At Sounkyo, a hot spring resort town in Kamikawa, there’s no shortage of things to marvel at. Ride the Kurodake Ropeway halfway up the Mount Kurodake to an observation deck, which provides stunning views over the onsen town and forested valley ablaze with colors in autumn.

From there take a walk for a while to reach the chair lift station. It will take you to the summit of Mt. Kurodake. The entire journey is an amazing experience for anyone interested in adventure!

5. Shiraito Falls, Mount Fuji

Shiraito Falls and Mount Fuji in the distance. Photo Credit: Big Ben in Japan at Flickr.

150 meters wide and 20 meters high, these vast falls are fed by volcanic spring water. The water flows in thin white threads down the cliff face.

Mount Fuji (Fujisan) and its surroundings were designated as a UNESCO World Heritage Site in 2013. Shiraito Falls is one of the 25 sites that were included in the list, including Fuji Five Lakes, Oshini Hakkai, Fuji Sengen-jinja Shrine and others.

It’s very easy to get to the base of Shiraito Falls, just a pleasant hike down a walking trail that can be reached from the road. There are several souvenir shops along the trail as well as a great view of nearby Otodome Falls.

You have several options for getting to the trail that leads to Shiraito Falls. You can take the limited number of buses that run between Shin-Fuji Station, Fujinomiya Station and the Fuji Five Lakes.

You could also take the more frequent local buses or the once-a-day JR Kanto Bus or Fujikyu Bus that operate out of Tokyo Station.

6. Hirayu Great Falls, Gifu Prefecture

This is Hirayu Great Falls in the summer. Photo Credit: Okuhida Onsengo Tourism Association.

Gifu Prefecture of Japan has many beautiful attractions to visit including historic and scenic. There is a traditional Japanese village called Shirakawago, which worth a visit, and is marked as one of the remarkable sites you will ever visit in Gifu. 

One of Japan’s best 100 Waterfalls, Hirayu Great Falls stands 64 meters tall and is six meters wide. As you approach, you’ll hear the roar of the rushing waters as they drop down into the forest.

Every season is beautiful at Hirayu Great Falls, from spring and summer greenery to fiery autumn colors to the frozen solid falls in winter, which are lit up at night with a special illumination every year.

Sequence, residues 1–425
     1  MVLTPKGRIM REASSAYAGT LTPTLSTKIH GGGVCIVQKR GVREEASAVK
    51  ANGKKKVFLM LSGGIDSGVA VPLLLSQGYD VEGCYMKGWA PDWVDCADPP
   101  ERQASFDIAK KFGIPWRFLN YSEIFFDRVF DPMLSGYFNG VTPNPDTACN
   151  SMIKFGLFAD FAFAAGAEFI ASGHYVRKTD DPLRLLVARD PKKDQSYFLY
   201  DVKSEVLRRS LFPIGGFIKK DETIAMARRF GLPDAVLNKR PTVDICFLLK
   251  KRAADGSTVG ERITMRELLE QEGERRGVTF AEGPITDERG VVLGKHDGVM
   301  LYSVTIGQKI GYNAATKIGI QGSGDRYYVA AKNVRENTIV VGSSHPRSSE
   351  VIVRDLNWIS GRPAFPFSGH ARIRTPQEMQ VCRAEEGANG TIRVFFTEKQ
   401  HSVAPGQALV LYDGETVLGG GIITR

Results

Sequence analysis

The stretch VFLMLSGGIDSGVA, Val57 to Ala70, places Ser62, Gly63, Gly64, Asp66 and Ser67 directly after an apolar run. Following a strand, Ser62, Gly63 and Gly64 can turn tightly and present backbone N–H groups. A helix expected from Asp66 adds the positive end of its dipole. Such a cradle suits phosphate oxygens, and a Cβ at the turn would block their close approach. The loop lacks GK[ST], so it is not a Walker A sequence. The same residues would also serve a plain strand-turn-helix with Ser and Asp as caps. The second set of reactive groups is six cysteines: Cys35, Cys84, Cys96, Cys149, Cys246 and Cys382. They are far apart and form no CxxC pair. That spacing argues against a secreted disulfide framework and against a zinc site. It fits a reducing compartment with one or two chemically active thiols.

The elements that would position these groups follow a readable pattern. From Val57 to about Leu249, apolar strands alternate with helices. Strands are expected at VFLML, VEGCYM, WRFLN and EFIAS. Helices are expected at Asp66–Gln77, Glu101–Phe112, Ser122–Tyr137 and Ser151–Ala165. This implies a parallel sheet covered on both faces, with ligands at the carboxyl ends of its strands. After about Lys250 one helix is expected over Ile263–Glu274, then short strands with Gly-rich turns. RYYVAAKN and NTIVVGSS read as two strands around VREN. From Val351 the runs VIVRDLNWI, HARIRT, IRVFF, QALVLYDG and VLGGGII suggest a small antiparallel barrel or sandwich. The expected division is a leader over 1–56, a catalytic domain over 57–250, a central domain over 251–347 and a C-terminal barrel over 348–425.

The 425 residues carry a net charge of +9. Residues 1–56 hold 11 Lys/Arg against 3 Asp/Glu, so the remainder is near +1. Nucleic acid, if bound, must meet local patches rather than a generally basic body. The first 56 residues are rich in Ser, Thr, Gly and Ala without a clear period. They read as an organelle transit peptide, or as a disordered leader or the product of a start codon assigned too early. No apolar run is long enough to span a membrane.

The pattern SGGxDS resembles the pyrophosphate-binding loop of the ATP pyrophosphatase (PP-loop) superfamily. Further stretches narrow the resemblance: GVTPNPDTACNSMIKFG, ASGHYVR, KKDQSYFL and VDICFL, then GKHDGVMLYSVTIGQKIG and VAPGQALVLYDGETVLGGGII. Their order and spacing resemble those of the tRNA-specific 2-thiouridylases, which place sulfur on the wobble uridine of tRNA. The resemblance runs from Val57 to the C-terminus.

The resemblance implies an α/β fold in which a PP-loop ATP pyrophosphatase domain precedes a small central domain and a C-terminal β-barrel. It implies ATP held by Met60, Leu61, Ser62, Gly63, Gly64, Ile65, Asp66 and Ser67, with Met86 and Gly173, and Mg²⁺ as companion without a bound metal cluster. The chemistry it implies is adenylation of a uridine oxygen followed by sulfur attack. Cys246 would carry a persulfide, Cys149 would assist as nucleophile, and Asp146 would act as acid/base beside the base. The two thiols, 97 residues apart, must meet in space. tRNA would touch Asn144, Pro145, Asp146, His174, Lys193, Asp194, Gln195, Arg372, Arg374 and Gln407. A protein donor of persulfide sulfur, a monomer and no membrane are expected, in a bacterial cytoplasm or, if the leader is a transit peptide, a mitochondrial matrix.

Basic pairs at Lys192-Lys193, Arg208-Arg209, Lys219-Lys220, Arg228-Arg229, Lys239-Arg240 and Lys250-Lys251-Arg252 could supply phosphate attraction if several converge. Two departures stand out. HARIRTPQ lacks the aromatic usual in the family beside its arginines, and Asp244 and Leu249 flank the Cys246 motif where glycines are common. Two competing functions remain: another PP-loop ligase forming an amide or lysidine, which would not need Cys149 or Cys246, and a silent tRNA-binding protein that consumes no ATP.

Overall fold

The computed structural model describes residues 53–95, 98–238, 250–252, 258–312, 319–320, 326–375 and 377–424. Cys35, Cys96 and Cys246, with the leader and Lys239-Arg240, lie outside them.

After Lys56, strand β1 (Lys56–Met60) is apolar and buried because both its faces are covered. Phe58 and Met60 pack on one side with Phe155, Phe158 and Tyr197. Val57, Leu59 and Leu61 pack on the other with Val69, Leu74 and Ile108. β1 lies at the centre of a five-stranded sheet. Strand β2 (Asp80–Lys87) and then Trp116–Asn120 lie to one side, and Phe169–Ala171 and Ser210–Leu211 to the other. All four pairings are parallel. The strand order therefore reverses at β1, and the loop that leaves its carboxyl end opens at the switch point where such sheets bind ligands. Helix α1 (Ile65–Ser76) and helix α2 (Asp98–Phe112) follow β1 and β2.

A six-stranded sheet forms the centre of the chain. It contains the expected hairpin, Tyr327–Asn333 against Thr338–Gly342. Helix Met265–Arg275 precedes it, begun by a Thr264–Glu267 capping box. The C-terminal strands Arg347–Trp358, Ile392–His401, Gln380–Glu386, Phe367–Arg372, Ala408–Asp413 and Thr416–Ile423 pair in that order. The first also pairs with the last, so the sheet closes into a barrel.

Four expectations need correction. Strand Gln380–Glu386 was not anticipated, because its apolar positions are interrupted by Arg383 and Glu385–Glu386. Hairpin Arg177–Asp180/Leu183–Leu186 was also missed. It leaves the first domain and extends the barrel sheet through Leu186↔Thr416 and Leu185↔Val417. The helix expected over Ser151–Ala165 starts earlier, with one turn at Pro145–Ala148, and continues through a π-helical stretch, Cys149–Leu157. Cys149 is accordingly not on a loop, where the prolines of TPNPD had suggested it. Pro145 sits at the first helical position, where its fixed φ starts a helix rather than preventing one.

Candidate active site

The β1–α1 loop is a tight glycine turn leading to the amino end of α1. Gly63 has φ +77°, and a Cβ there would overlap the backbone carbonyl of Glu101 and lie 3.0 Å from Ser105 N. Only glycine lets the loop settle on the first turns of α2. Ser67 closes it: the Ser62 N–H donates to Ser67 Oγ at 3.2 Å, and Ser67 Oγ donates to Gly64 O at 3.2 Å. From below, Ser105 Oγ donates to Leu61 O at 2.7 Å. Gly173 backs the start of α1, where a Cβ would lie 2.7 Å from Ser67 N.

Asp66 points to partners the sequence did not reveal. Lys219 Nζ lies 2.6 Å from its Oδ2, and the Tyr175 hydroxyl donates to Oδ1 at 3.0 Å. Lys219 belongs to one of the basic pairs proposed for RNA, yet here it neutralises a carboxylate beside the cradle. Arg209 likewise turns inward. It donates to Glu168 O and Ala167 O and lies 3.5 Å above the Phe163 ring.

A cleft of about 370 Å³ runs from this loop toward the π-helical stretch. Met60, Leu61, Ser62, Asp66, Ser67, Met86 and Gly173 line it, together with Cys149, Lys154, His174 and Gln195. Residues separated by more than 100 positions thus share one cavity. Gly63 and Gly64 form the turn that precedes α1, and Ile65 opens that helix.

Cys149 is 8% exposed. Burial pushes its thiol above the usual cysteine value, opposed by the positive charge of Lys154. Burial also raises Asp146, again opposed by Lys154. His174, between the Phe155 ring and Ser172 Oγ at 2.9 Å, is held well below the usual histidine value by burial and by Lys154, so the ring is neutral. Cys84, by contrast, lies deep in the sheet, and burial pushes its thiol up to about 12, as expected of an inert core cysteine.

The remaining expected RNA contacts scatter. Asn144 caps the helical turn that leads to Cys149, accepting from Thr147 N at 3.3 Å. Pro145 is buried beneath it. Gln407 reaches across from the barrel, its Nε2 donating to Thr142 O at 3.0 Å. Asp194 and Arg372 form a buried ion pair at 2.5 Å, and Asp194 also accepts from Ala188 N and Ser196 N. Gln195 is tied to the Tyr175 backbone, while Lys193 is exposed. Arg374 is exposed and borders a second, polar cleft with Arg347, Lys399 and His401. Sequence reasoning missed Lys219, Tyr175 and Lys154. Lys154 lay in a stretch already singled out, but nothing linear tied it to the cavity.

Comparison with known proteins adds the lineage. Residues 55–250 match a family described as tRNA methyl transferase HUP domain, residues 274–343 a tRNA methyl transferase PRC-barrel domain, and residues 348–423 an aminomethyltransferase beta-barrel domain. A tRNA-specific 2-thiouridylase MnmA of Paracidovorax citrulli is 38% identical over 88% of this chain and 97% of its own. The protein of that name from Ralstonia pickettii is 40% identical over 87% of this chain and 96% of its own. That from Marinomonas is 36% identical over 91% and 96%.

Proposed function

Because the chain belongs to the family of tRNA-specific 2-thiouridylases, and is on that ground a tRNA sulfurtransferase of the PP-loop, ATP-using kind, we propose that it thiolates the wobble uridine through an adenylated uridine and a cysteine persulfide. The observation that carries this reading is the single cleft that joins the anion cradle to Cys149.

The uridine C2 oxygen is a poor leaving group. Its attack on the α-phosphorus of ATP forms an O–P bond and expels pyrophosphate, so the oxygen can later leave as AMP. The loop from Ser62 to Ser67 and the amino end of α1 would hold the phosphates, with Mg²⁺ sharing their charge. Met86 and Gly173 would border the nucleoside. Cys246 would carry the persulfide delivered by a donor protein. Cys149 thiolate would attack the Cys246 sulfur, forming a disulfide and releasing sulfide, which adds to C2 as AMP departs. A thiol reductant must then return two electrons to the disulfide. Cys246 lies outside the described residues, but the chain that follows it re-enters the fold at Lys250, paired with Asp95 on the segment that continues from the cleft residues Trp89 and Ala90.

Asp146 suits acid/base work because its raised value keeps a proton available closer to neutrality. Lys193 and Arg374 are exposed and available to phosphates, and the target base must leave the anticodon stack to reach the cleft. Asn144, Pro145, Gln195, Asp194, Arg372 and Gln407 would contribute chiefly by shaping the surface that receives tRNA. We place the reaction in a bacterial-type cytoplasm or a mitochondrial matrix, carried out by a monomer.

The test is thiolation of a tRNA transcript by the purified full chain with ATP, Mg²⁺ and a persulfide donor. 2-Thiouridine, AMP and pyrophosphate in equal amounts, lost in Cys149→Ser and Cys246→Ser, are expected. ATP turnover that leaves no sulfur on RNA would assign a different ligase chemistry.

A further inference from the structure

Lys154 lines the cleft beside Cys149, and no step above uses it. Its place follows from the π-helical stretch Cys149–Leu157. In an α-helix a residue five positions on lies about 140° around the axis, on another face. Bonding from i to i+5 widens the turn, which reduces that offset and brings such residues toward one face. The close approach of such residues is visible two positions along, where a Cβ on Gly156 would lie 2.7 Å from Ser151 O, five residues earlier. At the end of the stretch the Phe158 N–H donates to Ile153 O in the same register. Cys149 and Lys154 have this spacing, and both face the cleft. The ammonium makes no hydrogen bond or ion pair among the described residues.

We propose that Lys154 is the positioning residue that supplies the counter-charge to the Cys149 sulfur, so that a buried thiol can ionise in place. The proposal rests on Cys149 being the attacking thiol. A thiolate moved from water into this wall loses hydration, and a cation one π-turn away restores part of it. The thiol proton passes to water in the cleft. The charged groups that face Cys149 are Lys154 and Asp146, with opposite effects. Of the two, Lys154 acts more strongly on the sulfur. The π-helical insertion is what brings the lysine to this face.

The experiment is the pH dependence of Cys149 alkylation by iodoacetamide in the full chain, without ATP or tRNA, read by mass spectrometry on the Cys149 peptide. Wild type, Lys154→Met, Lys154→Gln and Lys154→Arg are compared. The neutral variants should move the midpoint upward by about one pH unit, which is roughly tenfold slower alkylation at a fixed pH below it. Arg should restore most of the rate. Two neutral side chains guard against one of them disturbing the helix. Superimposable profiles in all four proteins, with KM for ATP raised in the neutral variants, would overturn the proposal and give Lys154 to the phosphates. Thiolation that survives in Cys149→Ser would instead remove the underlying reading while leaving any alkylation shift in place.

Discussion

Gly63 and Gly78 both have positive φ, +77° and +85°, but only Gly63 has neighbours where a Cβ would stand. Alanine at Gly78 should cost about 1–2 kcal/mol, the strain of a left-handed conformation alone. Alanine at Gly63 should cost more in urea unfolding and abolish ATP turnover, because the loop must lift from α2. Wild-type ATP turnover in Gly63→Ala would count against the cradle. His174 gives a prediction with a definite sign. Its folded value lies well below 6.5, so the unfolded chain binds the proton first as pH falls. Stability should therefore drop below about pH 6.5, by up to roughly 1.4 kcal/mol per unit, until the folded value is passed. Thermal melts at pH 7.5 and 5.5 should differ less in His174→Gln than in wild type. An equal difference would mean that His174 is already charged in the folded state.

The falls are a 25-minute walk from Hirayu bus terminal.

7. Naena Falls, Niigata Prefecture

Visitors are enjoy the view of autumn foliage and the falls. Photo Credit: Myoko Tourism.

Famous for its loud crashing, Naena Falls is 55 meters tall and is a great place to relax.

The falls are also a great place to see autumn colors, though any time of year offers a unique sight and a chance to see the “Earthquake Falls” in all their glory, whether flowing or frozen.

Be sure to enjoy the ‘flowing noodles’ at the nearby restaurant, a noodle dish served by floating noodles down a bamboo slide, where you have to catch them with chopsticks.

To get there, take a car and get off at Myoko kogen Interchange on Joshin-etsu Expressway and enter the Niigata Myokokogen Park Line 39.

8. Nabegataki Falls, Kumamoto Prefecture

Nabegataki falls – A scenic spot in Kyushu. Photo Credit: Kyushu Tourism Organization.

Kyushu region of Japan boasts many wonderful scenic spots.

Nabegataki Waterfalls is about nine meters high and 20 meters wide. These falls are a 5-minute drive from Sakamoto Zenzo Museum of Art. It is one of the most impressive waterfalls on the island of Kyushu in Japan.

You can go behind these waterfalls for a magical view and some excellent photo opportunities. Dress to get wet, though!

During Japan’s Golden Week in the spring, there are special night-time illuminations that shine from behind the falls.

You can drive to the falls either via a 45-minute drive from Kokonoe Interchange on Oita Expressway or an 80-minute drive from Kumamoto Airport.

In addition, you can also take a taxi to Nabegataki Waterfall Park, where the falls are.

Leave a Reply